By all accounts, education reform in post-Katrina New Orleans has been a roaring success: Test scores and graduation rates are up and students once trapped in failing schools have their choice of charter schools throughout the city.
But scholars who instead relied on autobiographical narrative, personal observations of public meetings and protests, and digital media produced by community groups say that success is just white privilege talking. Adrienne D. Dixson of the University of Illinois and Kristen L. Buras and Elizabeth K. Jeffers of Georgia State University write in the journal Qualitative Inquiry that education reform in New Orleans has exacerbated economic and cultural inequities.
John McDonogh Senior High School is one of three public high schools presented as case studies in the paper to illustrate the methods of dispossession that white reformers have engaged in.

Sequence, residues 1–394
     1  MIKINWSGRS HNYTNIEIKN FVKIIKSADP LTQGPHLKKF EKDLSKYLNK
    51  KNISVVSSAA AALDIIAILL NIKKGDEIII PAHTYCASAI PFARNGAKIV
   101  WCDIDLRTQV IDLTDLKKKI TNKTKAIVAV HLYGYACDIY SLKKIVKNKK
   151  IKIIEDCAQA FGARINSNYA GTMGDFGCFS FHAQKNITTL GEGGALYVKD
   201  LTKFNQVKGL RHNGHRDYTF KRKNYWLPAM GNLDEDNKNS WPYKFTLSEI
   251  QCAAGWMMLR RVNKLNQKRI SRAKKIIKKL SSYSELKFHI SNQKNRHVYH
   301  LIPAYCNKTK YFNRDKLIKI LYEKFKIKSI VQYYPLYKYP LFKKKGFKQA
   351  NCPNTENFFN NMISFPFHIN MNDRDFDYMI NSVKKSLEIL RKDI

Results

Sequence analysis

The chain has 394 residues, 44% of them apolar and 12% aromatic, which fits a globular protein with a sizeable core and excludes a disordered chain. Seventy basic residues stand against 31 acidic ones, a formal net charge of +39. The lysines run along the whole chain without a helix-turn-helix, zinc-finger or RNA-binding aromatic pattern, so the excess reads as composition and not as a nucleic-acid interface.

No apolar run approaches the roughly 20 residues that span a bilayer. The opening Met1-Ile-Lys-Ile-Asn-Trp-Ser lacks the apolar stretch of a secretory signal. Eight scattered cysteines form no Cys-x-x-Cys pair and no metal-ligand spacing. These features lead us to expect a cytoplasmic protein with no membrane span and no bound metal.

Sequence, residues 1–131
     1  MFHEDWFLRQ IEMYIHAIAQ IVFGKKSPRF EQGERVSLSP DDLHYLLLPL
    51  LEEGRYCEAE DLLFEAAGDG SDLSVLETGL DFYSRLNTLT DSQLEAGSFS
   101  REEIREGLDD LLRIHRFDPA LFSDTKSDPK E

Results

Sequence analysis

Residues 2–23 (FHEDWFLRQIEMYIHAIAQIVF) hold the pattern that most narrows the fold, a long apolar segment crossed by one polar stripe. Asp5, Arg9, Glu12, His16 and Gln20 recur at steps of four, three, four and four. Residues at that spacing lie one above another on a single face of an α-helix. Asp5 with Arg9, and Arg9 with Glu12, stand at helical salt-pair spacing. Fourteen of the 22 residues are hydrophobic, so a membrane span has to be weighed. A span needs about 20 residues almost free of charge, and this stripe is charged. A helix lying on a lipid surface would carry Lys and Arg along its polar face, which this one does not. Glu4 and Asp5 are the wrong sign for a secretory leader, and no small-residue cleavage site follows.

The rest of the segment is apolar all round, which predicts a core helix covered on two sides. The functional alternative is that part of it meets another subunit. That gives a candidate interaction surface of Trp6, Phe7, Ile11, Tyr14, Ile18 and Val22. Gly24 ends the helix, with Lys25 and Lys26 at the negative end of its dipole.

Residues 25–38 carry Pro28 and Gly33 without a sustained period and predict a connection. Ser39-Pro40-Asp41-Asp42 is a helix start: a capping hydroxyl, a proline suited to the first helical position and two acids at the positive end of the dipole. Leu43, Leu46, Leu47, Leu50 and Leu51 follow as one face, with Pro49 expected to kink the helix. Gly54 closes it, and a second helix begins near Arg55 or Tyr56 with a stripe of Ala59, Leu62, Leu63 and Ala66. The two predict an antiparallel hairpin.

“Parents, teachers and, importantly, students have fought back against the reforms in New Orleans schools,” said Dixson, who is conducting a multiyear ethnography of African-Americans’ experiences with education reform in New Orleans. “This resistance is important to document and share with a wider audience. We also wanted to speak back to the success narrative portrayed in the media, and the promotion of educational improvement for racially marginalized youth under the guise of civil rights. Genuine educational justice in urban public schools will be born only from substantive, ongoing community-based decision-making, rather than the accumulative interests of white elites”…